Dec 18 '06 #32

P: n/a
2006-12-18 <ln************@nuthaus.mib.org>,
Keith Thompson wrote:
Sjouke Burry <bu*************@ppllaanneett.nnlllwrites:
>pete wrote:
>>malc wrote:

[#3] An integer constant expression with the value 0, or
such an expression cast to type void *, is called a null
pointer constant.

6.3.2.3 seems to
suggest that uncasted 0 is not a null pointer constant.
No, it doesn't suggest that at all.
Gentlemen, are you discussing CPLUSPLUS???
Because "zero equals NULL" as far as I know
only applies there.....

No, we're discussing C. In C, an integer constant expression with the
value 0 is a null pointer constant. (This does not imply that a null
pointer has an all-bits-zero representation). See section 5 of the
comp.lang.c FAQ.

(C++ may or may not have different rules.)
OT: C++ misses entirely the point of having void * - I think, though,
that it doesn't actually forbid NULL expanding to ((void*)0) - a
compiler could special-case this to not be an error when assigned to
other pointers.
Dec 18 '06 #33

P: n/a
2006-12-18 <P8******************************@bt.com>,
Richard Heathfield wrote:
>[...] Another question whether it's always true that:
x==y === !(x!=y)

It is. x!=y yields 0 if they are equivalent, but 1 if they are not. !0 is 1,
and !1 is 0. So !(x!=y) yields 1 if they are equivalent, but 0 if they are
not, just like x==y.
What if x is not a number? Don't the comparison operators behave
strangely in those cases? I know that x >= y and x < y are then both
false at least.
Dec 18 '06 #34

P: n/a
pete <pf*****@mindspring.comwrites:
malc wrote:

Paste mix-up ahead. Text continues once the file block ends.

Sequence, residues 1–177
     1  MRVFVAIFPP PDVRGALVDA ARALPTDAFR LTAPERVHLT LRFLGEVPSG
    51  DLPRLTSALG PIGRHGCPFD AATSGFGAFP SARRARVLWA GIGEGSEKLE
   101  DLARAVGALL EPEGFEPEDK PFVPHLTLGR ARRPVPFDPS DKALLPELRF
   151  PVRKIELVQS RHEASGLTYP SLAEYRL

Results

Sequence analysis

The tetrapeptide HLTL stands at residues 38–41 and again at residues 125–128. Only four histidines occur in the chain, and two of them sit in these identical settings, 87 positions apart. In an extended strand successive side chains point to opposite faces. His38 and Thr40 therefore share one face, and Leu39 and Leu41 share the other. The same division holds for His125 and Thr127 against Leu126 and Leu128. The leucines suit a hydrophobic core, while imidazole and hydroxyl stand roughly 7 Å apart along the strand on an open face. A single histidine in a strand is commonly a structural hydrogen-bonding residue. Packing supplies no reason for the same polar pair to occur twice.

>>
pete <pf*****@mindspring.comwrites:
>(!p) is equivalent to (p == 0).
>Standard says that it is equivalent to (0==p), i'm not really sure if
== is commutative in all contexts it is allowed
>Another question whether it's always true that:
x==y === !(x!=y)

Think about it.
I am well aware of De Morgan's laws. What i do not know if there might
be a case (covered by standard) where `==' is defined for given `x' and
`y' and `!=' not.

--
vale
Dec 18 '06 #35

P: n/a
Random832 said:
2006-12-18 <P8******************************@bt.com>,
Richard Heathfield wrote:
>>[...] Another question whether it's always true that:
x==y === !(x!=y)

It is. x!=y yields 0 if they are equivalent, but 1 if they are not. !0 is
1, and !1 is 0. So !(x!=y) yields 1 if they are equivalent, but 0 if they
are not, just like x==y.

What if x is not a number?
If it's not a number, it's a pointer. If it's a pointer, so is y.

If the pointers point to the same object, they will compare equal (whether
or not they have the same object representation).
Don't the comparison operators behave
strangely in those cases? I know that x >= y and x < y are then both